The Executive Summary of All Executive Summaries

Eric Roston“Who am I? Why am I here?” Admiral James Stockdale uttered those words on national television, to laughter and applause among audience members, at the 1992 vice-presidential debate. They are questions worth asking ourselves every once in a while.

I’m a journalist who has spent the better part of the last three years reading thousands of scientific articles, interviewing hundreds of scientists, and pouring over many books by science-writers and writer-scientists, seeking a way to draw out the connective tissue, the dynamic, intriguing science that unifies what we think of as disparate things, but once you scratch the surface, really aren’t. As it turns out, the fastest way to learn the most about the world–climate, energy, health and industry–is through the carbon atom.

That doesn’t explain why I’m here. I’m here because I’m a fan of Joe’s good work and hope to chat with Climate Progress readers about new ideas for thinking about climate and the context in which we discuss it. Here’s one idea.

My house is filled with books and paper and notebooks in quantities that are difficult to order. That doesn’t include the number of peer-reviewed journal articles and electronic books you can fit on a 1 gigabyte flash memory stick. Every good nonfiction writer knows his or her job is to simplify things. We live by Occam’s Razor and by Einstein’s related dictum that everything should be made as simple as possible, but no simpler.


In that spirit, I was turning over my basement recently, looking for some interview notes (The basement is not as simple as possible). I wondered what all this research would look like condensed to two sentences. Every day reports come out–economic, scientific, predictive, retrospective, lifeless, hysterical. What would the executive summary of all executive summaries look like? With some cautious feedback from senior scientists, I think an irreducible two-sentence description of global warming comes down to this:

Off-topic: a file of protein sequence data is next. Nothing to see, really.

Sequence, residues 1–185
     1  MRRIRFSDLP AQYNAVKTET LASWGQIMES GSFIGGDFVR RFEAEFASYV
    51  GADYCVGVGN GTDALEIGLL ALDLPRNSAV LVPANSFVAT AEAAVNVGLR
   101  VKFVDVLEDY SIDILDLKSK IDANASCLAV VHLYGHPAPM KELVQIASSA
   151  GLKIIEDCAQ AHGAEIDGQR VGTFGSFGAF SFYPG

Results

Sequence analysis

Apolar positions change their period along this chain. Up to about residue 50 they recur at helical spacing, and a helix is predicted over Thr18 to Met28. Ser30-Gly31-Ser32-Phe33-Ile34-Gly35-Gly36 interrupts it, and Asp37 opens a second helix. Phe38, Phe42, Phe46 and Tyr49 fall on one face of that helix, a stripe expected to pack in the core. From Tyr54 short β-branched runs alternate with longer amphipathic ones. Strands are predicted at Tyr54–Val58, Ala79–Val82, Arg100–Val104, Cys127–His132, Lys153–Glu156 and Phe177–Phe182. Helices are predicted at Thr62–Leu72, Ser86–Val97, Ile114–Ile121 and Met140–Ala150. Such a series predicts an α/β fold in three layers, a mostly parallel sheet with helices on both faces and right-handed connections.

1. Temperature and atmospheric carbon rise and fall together on every geological time scale.
  2. Humans are adding carbon to the atmosphere more than 100 times faster than any known precedent, heating and transforming the Earth.

— Eric R.


4 Responses to The Executive Summary of All Executive Summaries

  1. Glad to see you here, Eric. Simpify. I like you already.

    I would slightly expand your ExecSumm to include “Humans have the brain capacity and collaborative abilities to discover their mistakes and correct them.”

  2. Eric Roston says:

    Cliff —

    Spot on! Had I given myself three sentences, that would be the logical choice. Well-phrased.


  3. JakeBrewer says:

    Great post, Eric. Great addition, Cliff.

    Brutally and honestly recognize and state the problem. Vividly imagine something better. Strongly connect the resources, people, organizations and ideas needed. Take action effectively and responsibly.

  4. Dave Hampton says:

    Perfect + 2 great adds.

    There might be one along the lines of

    “and if temp and carbon CONTINUE to rise and fall together as they always have, then primary school logic says that the carbon we have already added will soon be accompanied by a very nasty slug of temperature rise (already in the system) – pro-rata – more than ten times the 0.7 degrees we have seen to date?” “We have to hope that nature somehow moderates this burn, although there are no obvious reasons why it should, whereas there are reasons why positive feedback may make it worse than that. This is not alarmist – it is alarming.”
    and sorry to be stuck in a slightly desparate rut but the sentence that goes with this is:
    “The fact that climate catastrophe is so clearly so close at hand and yet so widely denied casts doubt on humans ability to think or collaborate in the face of headlights so bright and so close at hand. It also suggests that political and social structures and communication media must be playing a major part in holding back human understanding, acceptance and action.
    The crimes of those who still farcically deny global warming will surely be investigated by our children, and we should hold them to account now.